Students are requested to attend all scheduled tutorials. In each tutorial, students are requested to lead and participate in the discussion of some reading materials, and selected population issues, or other planned activities.
Assessment for this task will be continual throughout the semester.
Academic integrity is a core part of our culture as a community of scholars. At its heart, academic integrity is about behaving ethically. This means that all members of the community commit to honest and responsible scholarly practice and to upholding these values with respect and fairness. The Australian National University commits to embedding the values of academic integrity in our teaching and learning. We ensure that all members of our community understand how to engage in academic work in ways that are consistent with, and actively support academic integrity. The ANU expects staff and students to uphold high standards of academic integrity and act ethically and honestly, to ensure the quality and value of the qualification that you will graduate with. The University has policies and procedures in place to promote academic integrity and manage academic misconduct. Visit the following Academic honesty & plagiarism website for more information about academic integrity and what the ANU considers academic misconduct. The ANU offers a number of services to assist students with their assignments, examinations, and other learning activities. The Academic Skills and Learning Centre offers a number of workshops and seminars that you may find useful for your studies.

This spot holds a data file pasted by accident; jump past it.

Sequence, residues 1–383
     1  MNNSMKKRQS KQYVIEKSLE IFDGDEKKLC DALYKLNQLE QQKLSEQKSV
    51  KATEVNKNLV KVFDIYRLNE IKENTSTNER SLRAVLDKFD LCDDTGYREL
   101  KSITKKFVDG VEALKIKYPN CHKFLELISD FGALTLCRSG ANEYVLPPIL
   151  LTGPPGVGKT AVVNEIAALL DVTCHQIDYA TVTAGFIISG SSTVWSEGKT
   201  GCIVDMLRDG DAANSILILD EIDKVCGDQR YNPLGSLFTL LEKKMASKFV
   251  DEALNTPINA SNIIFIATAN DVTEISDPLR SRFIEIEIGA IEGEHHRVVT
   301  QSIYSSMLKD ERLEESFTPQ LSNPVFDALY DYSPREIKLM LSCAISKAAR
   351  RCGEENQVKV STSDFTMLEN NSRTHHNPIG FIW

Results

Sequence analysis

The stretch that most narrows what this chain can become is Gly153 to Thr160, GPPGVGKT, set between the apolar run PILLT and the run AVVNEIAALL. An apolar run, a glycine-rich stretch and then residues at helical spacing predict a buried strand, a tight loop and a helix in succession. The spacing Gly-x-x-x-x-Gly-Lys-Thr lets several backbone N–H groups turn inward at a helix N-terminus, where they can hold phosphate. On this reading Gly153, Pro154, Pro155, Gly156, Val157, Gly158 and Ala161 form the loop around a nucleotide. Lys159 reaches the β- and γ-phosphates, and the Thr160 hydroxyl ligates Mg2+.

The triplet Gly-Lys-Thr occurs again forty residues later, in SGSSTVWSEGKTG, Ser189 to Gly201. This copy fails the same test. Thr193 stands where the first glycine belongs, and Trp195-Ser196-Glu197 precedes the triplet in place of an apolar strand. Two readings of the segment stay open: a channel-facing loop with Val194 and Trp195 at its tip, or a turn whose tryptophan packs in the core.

You will be required to electronically sign a declaration as part of the submission of your assignment. Please keep a copy of the assignment for your records. Unless an exemption has been approved by the Associate Dean (Education) as submission must be through Turnitin.
For some forms of assessment (hand written assignments, art works, laboratory notes, etc.) hard copy submission is appropriate when approved by the Associate Dean (Education). Hard copy submissions must utilise the Assignment Cover Sheet. Please keep a copy of tasks completed for your records.
Late submission of assessment tasks without an extension are penalised at the rate of 5% of the possible marks available per working day or part thereof. Late submission of assessment tasks is not accepted after 10 working days after the due date, or on or after the date specified in the course outline for the return of the assessment item. Late submission is not accepted for take-home examinations.
Accepted academic practice for referencing sources that you use in presentations can be found via the links on the Wattle site, under the file named “ANU and College Policies, Program Information, Student Support Services and Assessment”. Alternatively, you can seek help through the Students Learning Development website.
Student’s essays will be returned together with comments at (or after) the feedback session.